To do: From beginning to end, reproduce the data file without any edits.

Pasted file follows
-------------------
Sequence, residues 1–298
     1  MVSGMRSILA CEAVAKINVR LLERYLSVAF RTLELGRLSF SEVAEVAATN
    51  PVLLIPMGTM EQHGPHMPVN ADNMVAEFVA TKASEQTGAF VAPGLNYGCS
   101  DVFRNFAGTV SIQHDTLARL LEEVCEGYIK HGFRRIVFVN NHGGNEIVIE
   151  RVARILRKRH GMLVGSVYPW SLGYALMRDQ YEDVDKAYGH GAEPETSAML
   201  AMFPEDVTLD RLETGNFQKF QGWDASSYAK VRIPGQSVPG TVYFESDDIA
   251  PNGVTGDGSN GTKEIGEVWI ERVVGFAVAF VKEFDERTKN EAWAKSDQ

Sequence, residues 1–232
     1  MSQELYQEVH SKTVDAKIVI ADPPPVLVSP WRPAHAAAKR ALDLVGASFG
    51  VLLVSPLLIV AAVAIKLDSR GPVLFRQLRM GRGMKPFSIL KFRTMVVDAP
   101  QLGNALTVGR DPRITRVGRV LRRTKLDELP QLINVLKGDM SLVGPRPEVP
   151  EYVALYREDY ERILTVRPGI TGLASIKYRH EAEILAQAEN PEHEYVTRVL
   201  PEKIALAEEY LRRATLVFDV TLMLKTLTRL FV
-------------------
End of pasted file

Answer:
Sequence, residues 1–298
     1  MVSGMRSILA CEAVAKINVR LLERYLSVAF RTLELGRLSF SEVAEVAATN
    51  PVLLIPMGTM EQHGPHMPVN ADNMVAEFVA TKASEQTGAF VAPGLNYGCS
   101  DVFRNFAGTV SIQHDTLARL LEEVCEGYIK HGFRRIVFVN NHGGNEIVIE
   151  RVARILRKRH GMLVGSVYPW SLGYALMRDQ YEDVDKAYGH GAEPETSAML
   201  AMFPEDVTLD RLETGNFQKF QGWDASSYAK VRIPGQSVPG TVYFESDDIA
   251  PNGVTGDGSN GTKEIGEVWI ERVVGFAVAF VKEFDERTKN EAWAKSDQ

Sequence, residues 1–232
     1  MSQELYQEVH SKTVDAKIVI ADPPPVLVSP WRPAHAAAKR ALDLVGASFG
    51  VLLVSPLLIV AAVAIKLDSR GPVLFRQLRM GRGMKPFSIL KFRTMVVDAP
   101  QLGNALTVGR DPRITRVGRV LRRTKLDELP QLINVLKGDM SLVGPRPEVP
   151  EYVALYREDY ERILTVRPGI TGLASIKYRH EAEILAQAEN PEHEYVTRVL
   201  PEKIALAEEY LRRATLVFDV TLMLKTLTRL FV